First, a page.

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Age Friendly London Action Plan

Age Friendly Cities

In 2010, the City of London became the first city in Canada to join the World Health Organization (WHO) Global Network of Age Friendly Cities.  The WHO defines an age friendly city as "an inclusive and accessible urban environment that promotes active ageing."

The City of London is committed to improving the quality of life for older adults through its support of the Age Friendly London: Three Year Action Plan. We believe that promoting the initiatives of the Plan will benefit people of all ages.

How was the Three Year Action Plan Developed?

The City of London established an Age Friendly London Task Force in September 2011, made up of over 100 volunteer older adults, caregivers, service providers and anyone with an interest in aging, to develop an Action Plan to improve the age friendliness of our community. The Task Force met monthly from September 2011 to June 2012 and:

  • Reviewed current initiatives already underway in London;
  • Reviewed the demographic picture of older adults in London;
  • Reviewed a best practices document prepared by a group of fourth year Western University, Health Sciences students;
  • Developed a vision of an Age Friendly London;
  • Tested their vision with over 400 individuals at the Age Friendly London Conference;
  • Developed strategies to achieve this vision;
  • Tested those strategies with the larger community; and,
  • Finally, developed their Three Year Action Plan to achieve the strategies.


The Task Force's vision of an Age Friendly London is:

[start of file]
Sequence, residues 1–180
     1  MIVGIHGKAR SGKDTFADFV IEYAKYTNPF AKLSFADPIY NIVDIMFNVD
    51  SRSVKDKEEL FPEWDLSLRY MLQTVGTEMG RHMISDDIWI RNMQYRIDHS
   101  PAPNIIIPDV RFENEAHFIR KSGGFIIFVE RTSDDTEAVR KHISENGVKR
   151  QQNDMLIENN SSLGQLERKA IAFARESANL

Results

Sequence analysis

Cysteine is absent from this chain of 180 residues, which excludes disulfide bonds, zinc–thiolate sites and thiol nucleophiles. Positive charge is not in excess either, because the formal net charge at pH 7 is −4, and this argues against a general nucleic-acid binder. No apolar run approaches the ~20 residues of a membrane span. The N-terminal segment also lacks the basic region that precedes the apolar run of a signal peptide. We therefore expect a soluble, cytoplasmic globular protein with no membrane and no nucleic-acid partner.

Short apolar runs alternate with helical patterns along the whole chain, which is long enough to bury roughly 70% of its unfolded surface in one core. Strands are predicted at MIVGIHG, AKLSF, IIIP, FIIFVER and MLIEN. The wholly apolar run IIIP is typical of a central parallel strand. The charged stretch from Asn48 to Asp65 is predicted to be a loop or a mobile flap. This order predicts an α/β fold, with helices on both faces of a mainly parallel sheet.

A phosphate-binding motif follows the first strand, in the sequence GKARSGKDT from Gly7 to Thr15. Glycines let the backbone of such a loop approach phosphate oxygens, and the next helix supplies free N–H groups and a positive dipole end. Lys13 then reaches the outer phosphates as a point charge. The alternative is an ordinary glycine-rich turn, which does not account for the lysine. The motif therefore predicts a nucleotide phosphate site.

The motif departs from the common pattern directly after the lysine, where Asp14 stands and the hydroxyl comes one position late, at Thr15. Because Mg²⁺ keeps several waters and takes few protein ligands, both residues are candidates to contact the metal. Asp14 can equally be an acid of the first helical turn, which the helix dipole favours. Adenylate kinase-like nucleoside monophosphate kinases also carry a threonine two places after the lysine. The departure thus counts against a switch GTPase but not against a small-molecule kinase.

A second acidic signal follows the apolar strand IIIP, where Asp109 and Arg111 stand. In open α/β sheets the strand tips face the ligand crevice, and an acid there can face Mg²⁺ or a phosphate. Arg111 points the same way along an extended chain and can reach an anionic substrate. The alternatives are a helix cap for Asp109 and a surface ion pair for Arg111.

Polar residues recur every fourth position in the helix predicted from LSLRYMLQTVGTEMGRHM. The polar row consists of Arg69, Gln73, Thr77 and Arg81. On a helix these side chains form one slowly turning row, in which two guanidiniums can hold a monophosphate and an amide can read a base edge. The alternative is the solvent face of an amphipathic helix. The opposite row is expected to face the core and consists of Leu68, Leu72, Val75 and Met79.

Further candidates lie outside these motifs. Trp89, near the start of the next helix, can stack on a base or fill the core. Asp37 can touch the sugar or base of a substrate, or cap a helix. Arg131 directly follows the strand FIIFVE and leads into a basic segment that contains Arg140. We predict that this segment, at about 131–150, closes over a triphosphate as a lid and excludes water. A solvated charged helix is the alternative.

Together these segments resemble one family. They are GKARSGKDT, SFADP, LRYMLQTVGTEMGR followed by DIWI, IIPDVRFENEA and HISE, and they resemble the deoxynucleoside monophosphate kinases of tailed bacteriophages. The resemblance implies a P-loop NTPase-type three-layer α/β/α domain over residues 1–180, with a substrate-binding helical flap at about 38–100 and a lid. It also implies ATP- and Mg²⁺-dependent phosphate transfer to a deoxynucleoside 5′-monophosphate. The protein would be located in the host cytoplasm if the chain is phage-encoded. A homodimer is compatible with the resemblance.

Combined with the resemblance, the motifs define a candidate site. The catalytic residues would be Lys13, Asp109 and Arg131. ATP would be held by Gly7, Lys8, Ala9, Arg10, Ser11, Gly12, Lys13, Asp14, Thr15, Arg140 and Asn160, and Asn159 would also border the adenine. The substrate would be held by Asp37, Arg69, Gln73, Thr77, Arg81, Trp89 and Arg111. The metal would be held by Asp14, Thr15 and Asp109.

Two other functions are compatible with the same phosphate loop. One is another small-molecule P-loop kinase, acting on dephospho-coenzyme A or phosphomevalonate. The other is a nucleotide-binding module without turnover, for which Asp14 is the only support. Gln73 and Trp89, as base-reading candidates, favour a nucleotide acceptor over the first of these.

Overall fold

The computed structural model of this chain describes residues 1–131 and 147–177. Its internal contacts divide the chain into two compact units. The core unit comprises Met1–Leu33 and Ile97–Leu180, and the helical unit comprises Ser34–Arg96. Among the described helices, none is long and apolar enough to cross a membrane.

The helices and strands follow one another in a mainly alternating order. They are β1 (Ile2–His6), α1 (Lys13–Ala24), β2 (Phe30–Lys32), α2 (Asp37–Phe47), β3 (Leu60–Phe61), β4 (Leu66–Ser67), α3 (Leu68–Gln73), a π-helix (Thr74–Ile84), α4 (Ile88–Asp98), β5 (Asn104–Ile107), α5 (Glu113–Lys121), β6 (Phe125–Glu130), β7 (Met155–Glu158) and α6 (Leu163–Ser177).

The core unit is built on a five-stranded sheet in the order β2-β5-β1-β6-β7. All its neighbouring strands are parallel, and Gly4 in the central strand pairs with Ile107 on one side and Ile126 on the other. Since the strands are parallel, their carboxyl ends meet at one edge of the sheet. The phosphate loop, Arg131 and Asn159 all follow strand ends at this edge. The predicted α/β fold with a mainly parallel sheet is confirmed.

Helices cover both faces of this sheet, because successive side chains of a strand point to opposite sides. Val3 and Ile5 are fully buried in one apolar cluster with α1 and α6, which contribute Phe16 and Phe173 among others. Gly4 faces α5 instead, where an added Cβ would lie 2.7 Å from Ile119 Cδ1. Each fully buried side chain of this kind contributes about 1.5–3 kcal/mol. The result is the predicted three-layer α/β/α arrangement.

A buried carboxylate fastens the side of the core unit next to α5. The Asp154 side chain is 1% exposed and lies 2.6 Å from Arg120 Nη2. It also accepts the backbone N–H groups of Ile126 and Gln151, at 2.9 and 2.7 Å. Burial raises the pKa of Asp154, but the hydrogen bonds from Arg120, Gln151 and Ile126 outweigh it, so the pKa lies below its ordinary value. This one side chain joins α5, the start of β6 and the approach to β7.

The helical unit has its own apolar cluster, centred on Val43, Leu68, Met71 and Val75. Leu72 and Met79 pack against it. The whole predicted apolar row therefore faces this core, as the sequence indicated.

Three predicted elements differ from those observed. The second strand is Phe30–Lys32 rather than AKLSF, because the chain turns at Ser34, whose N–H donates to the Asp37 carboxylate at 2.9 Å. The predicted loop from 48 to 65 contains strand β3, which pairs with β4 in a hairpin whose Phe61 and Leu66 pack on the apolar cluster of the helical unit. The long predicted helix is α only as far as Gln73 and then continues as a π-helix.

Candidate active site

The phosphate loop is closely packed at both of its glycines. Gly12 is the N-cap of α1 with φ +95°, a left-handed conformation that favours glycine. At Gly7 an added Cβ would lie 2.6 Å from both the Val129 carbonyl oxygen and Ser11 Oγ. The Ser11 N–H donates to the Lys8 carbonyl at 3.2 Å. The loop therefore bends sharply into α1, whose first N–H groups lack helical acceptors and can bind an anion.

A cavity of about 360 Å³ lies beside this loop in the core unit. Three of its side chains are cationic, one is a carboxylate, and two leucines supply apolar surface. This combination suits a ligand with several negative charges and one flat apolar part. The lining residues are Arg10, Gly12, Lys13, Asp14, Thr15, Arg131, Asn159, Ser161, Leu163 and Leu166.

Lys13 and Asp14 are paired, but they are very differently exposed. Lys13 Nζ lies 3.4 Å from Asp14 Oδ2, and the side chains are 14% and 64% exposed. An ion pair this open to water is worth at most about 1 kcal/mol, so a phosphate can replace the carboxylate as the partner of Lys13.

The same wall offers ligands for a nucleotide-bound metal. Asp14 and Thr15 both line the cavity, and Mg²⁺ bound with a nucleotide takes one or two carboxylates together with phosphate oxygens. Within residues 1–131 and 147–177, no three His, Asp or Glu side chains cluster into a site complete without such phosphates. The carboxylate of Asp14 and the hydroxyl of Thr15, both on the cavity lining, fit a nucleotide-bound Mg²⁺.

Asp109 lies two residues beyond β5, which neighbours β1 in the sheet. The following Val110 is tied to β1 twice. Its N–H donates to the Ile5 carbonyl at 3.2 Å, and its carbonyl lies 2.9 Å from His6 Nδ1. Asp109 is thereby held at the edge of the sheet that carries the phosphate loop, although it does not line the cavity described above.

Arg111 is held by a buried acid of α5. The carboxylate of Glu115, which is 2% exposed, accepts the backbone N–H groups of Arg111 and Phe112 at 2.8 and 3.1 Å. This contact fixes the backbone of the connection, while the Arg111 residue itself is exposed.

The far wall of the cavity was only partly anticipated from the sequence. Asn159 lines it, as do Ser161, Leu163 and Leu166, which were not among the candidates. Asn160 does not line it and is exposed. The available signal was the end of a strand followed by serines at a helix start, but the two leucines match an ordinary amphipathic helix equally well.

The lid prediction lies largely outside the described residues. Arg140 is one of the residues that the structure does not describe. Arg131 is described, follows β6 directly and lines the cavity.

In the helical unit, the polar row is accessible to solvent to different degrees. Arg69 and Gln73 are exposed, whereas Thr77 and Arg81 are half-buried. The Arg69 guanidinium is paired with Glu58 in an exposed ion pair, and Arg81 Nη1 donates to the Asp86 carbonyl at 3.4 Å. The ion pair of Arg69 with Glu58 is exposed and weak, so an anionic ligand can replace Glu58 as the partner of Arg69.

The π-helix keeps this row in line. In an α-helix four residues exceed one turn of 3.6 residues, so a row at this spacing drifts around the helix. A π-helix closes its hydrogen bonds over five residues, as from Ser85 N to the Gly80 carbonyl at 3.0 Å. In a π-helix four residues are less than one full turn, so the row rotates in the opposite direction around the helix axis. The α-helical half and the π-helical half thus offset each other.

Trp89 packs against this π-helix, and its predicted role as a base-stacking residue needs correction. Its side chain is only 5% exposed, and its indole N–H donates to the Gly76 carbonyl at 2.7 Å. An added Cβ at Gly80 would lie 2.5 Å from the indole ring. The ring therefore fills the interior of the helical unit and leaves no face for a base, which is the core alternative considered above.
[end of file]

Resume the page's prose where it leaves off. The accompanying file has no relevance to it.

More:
A diverse, vibrant, caring and healthy community which empowers all individuals to age well and have opportunities to achieve their full potential


The Three Year Age Friendly Action Plan

The Action Plan identifies 37 strategies and 133 action steps within each of the eight key focus areas of age friendliness defined by the World Health Organization:


  • Outdoor spaces and buildings;
  • Transportation;
  • Housing;
  • Social Participation;
  • Respect and Social Inclusion;
  • Civic Participation and Employment;
  • Communication and Information; and
  • Community Support and Health Services.


These strategies build upon the significant work that has already been done in each area, as well as several key initiatives over the past decade that support older adults in London such as the work of the Age Friendly City Working Group of the Creative Cities Committee and the City of London's 2005 "Working Together to Support London Senior's Community Action Plan."

Next Steps

The implementation of this Action Plan will require the involvement of many of the original members of the Task Force as well as the engagement of many more service providers, agencies and organizations that were not involved in the creation of the Plan.  In May 2013, the Age Friendly London Network was created to bring together these individuals and organizations to take action and make London even more Age Friendly.

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